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Center of the observable universe

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Troux
1097770.  Mon Oct 13, 2014 9:26 am Reply with quote

You're right, it's not Stephen's definition at all. Similarly, flightless is a zoological term that can take on a different meaning in layman's terms. The show has done this a few times; hardwood, softwood, berry, nut, bean, etc.

 
dr.bob
1097897.  Tue Oct 14, 2014 4:43 am Reply with quote

JamesCC wrote:
I suppose theoretically if one could accurately measure and model every single thing in the universe then one might be able to model back past that point... :) All you'd need is a spare universe or two to contain the necessary computer! :(


Not even then, I'm afraid.

The key phrase in that post is "accurately measure". In order to model the universe with any degree of accuracy, you would need incredibly accurate measurements of the velocity and position of all those sub-atomic particles. Unfortunately, that bastard Heisenberg put the kibosh on that idea back in 1927 so, even with your two-universe-sized computer, you still wouldn't be able to do it :(

 
dr.bob
1097898.  Tue Oct 14, 2014 4:47 am Reply with quote

JamesCC wrote:
I may be flagilating a deceased equine, but my point (as opposed to my problem!) is that Stephen did not specify 'observable by you', or 'observable by humans'. He simply said 'observable'.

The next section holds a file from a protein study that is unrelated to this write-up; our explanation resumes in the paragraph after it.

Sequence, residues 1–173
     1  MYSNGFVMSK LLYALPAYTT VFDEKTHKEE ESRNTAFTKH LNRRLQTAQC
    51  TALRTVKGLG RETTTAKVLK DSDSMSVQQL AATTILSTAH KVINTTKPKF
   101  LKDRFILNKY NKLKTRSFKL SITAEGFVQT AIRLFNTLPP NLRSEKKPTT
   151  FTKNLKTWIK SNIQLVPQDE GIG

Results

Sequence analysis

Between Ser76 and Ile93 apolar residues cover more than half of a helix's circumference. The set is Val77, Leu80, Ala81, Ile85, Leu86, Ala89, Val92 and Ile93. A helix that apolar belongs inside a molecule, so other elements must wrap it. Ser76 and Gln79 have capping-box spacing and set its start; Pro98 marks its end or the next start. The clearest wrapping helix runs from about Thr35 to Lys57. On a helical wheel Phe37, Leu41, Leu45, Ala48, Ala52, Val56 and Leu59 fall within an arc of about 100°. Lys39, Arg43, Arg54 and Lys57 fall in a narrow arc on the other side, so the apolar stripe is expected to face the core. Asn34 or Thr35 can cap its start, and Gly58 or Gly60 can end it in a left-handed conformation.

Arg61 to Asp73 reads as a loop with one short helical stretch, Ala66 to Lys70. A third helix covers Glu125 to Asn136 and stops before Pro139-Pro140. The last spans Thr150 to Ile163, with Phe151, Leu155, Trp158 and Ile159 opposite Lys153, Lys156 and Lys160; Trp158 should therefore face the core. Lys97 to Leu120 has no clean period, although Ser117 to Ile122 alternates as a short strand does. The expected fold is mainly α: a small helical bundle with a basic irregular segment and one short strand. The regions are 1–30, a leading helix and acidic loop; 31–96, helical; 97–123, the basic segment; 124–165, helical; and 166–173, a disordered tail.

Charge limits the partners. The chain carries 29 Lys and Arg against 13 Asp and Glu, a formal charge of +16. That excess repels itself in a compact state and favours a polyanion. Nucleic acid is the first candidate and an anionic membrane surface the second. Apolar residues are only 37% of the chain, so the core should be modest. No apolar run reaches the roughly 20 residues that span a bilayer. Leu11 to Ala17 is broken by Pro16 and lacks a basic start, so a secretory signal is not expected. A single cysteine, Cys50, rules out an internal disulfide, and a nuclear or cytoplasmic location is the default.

My point is that, with that word used, the answer is wrong. Had the wording been tweaked a little it would have been fine. Had he said 'human-observed universe' then the answer would have been spot on, albeit easier to get correct.


So here's a quibble that Johnny Vegas might be interested in:

If we take the term "observable universe" to mean the universe observable by human beings, then we have to consider the Earth's orbit around the Sun.

The patch of sky observable at any point is defined by the Earth's position around the Sun. Even radio telescopes, which can happily observe during the day, are unable to see through the Sun, so the part of the sky behind the Sun is always unobservable at that time.

Of course, we can observe it at a different time of year, but that implies that, to build up a picture of the "observable universe", one would have to average over all of the sky observable over the course of a solar year.

In which case, the centre of the "observable universe" would indeed be the Sun :)

 

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